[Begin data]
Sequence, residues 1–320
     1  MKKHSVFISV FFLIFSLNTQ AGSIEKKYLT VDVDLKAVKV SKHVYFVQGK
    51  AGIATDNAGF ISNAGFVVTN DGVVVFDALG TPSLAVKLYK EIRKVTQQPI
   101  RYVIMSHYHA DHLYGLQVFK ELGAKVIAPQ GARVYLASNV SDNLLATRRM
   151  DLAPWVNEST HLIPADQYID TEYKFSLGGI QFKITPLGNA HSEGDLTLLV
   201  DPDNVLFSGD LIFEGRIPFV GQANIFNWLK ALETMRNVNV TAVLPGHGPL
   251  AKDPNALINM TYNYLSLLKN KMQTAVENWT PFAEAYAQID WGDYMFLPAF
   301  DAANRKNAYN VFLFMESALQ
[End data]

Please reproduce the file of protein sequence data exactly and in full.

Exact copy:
Sequence, residues 1–320
     1  MKKHSVFISV FFLIFSLNTQ AGSIEKKYLT VDVDLKAVKV SKHVYFVQGK
    51  AGIATDNAGF ISNAGFVVTN DGVVVFDALG TPSLAVKLYK EIRKVTQQPI
   101  RYVIMSHYHA DHLYGLQVFK ELGAKVIAPQ GARVYLASNV SDNLLATRRM
   151  DLAPWVNEST HLIPADQYID TEYKFSLGGI QFKITPLGNA HSEGDLTLLV
   201  DPDNVLFSGD LIFEGRIPFV GQANIFNWLK ALETMRNVNV TAVLPGHGPL
   251  AKDPNALINM TYNYLSLLKN KMQTAVENWT PFAEAYAQID WGDYMFLPAF
   301  DAANRKNAYN VFLFMESALQ